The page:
In 1254, the Lordship of Meath was divided between his two deLacy daughters, Matilda and Margery. Matilda and her second husband Geoffrey deGeneville (from Vaucouleur in France) took possession of the castle as part of their share. Geoffrey’s many commitments did not allow him to spend much time in Ireland, though he retired to Trim towards the end of his life. Matilda died in 1304, after which Geoffrey became a monk at the nearby Dominican monastery of St Mary’s in Trim.

In 1283 Matilda and Geoffrey had settled Trim and estate on their eldest son, Peter deGeneville, who died nine years later. This led to the castle and estate being settled on Peter’s eldest daughter, Joan, who married the up and coming Roger Mortimer of Wigmore and later Earl of March.

The Mortimer family and Trim Castle

Thus in 1308, Trim Castle came into the possession of the influential Mortimer family, an association which lasted for the next 120 years.

Roger Mortimer’s main rivals were two deLacy cousins who felt they were rightfully entitled to inherit Hugh deLacy’s estates.

The invasion of Edward Bruce (1315-18) gave the cousins what initially seemed like a glorious opportunity to make good on their claim. As the Scottish armies swept through Ireland and almost put an end to English rule and influence, the cousins allied themselves to Bruce.

Walter Cusack, Mortimer’s constable, managed to hold onto Trim Castle during the period, even after Mortimer was defeated at the Battle of Kells in late 1315 and had to flee to England to try to raise an army to roll back the invasion.

After the defeat of Bruce at Faughart in October 1318, Roger Mortimer spent 2 years settling his own as well as Irish affairs as Lord Lieutenant of a greatly reduced English colony in Ireland. This included his revenge against the renegade cousins and the imprisonment and starving of one of them in the dungeons under Trim castle. (A medieval example of in-laws not being nice to each other!)

In 1332, during Mortimer’s difficulties with King Edward II, his wife Joan was forced to surrender Trim Castle, but had it restored after Mortimer deposed Edward. Despite Mortimer’s execution in 1330 by Edward III and the forfeiture of all Mortimer estates, Joan was reinstated and awarded the titles of Lady of Trim and Countess of Meath in 1347. She died aged 70 years in 1356, having survived the Black Death of 1348-50.

By then she had bequeathed Trim castle to her grandson, another Roger Mortimer, who had served bravely at the battle of Crecy, France in 1346. Roger died in 1360 leaving the estate to his 8 year old son, Edward Mortimer who, when he reached his majority, became the largest landowner in Ireland.

He was appointed Lieutenant of Ireland by King Richard II and died while campaigning in Munster in 1381.


Between 1381 until 1403, Trim was under the care of Constable John Reyne until the next Roger Mortimer, Edward’s son, was old enough to take over. This Roger accompanied King Richard II on his abortive Irish campaign during the 1390’s and lived at Trim castle for over 4 years.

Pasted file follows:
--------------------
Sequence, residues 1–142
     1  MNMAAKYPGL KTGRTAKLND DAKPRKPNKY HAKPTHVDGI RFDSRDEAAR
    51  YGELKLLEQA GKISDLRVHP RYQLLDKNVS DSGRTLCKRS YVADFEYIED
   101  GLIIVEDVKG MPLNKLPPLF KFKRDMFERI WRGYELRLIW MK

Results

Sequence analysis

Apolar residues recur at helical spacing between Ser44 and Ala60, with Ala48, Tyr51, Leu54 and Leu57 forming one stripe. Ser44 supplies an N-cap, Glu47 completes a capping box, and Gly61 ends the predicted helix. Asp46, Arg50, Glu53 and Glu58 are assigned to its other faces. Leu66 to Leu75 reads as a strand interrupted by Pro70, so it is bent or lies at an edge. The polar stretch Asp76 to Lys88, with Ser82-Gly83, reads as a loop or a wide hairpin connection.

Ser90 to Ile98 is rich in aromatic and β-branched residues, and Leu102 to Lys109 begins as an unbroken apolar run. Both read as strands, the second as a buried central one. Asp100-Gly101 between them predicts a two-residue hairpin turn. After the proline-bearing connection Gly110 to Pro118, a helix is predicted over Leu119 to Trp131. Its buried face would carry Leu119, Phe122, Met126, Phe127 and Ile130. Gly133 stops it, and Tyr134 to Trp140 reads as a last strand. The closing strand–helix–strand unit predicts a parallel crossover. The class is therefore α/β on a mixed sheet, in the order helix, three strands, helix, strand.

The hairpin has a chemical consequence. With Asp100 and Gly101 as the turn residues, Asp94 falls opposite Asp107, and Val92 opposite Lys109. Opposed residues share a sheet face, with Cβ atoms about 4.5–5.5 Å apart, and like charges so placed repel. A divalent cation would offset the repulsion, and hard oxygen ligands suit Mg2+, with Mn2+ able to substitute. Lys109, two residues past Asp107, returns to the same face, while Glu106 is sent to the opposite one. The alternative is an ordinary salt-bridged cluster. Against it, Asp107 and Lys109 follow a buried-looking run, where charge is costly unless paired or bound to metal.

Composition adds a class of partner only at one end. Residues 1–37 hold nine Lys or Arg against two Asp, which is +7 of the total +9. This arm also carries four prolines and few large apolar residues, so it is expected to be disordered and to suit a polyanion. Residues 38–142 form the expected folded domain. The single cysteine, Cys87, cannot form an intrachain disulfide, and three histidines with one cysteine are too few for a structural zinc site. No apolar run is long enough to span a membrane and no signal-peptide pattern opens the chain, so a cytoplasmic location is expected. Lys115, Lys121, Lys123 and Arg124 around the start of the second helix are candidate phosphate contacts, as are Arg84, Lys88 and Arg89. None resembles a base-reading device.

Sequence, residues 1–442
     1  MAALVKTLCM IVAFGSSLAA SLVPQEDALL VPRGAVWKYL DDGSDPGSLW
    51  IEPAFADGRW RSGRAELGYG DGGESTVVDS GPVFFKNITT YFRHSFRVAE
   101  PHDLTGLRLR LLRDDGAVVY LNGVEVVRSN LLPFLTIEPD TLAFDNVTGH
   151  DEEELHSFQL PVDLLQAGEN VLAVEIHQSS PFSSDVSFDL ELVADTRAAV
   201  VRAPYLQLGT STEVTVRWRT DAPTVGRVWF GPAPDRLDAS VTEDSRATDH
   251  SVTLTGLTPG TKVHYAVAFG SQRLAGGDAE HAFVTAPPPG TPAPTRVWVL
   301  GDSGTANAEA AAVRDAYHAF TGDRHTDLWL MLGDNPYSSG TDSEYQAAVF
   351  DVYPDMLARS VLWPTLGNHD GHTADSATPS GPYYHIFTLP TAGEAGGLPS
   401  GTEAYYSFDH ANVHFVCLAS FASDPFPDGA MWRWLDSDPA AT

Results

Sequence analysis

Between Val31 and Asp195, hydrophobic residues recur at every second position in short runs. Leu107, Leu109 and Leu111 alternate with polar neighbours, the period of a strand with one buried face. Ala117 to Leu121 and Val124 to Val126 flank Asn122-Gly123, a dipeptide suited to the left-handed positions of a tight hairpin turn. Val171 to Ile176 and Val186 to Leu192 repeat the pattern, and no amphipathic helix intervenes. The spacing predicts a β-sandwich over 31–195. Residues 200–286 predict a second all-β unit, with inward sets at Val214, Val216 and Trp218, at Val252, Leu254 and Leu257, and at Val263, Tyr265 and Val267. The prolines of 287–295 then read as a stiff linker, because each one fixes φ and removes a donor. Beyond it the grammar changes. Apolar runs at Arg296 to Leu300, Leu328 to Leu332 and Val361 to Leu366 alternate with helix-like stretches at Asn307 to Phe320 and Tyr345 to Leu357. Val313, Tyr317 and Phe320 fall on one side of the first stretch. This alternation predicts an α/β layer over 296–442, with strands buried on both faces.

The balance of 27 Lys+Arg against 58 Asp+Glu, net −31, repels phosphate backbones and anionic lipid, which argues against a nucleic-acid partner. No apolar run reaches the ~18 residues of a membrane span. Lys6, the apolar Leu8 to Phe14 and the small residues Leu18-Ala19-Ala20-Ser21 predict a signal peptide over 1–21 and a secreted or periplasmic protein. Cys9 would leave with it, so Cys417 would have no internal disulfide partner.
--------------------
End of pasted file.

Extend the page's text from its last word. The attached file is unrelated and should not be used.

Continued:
He was actually named as Richard’s successor to the English throne, but this possibility ended when he was killed in a skirmish with a Gaelic raiding party in nearby Kells in 1398.

Before King Richard II left Ireland to meet his own fate, he left two young hostages prisoner in Trim Castle. One of these was Prince Hal, the future King Henry V, and Humphrey, the son of the Earl of Gloucester.
  
The next in the Mortimer line, Edward, was just 6 years old and had to wait until 1420 before he assumed title to his estates. The young man was appointed Lord Lieutenant of Ireland in 1424 but contracted plague and died a year later. He was the last of the male Mortimer line connected with Trim Castle.

War of the Roses

During the Wars of the Roses, Trim Castle, now a Royal castle, became a bolt-hole for princes and pretenders depending on how their fortunes were faring in England.

In 1449, Richard of York lived in the castle while he was Lieutenant of Ireland after the Battle of Ludford (1459). He was subsequently killed at the Battle of Wakesfield in 1451 and his son Edward was crowned Edward IV after the Battle of Towton in 1452.

The castle continued to be regarded as a Royal bastion for the remainder of the 15th century and along with Dublin, was refurbished and upgraded to reflect its royal status.

In 1521, Lord Lieutenant Garret Fitzgerald, Earl of Kildare, was ordered to carry out repairs to both royal Irish castles by King Henry VIII. Three years later, Garret’s son, the man nicknamed Silken Thomas (from the flamboyance of his attire) attacked and captured Trim castle on hearing the false rumour put about by Kildare’s enemies that the Earl had been imprisoned in the Tower of London by the King.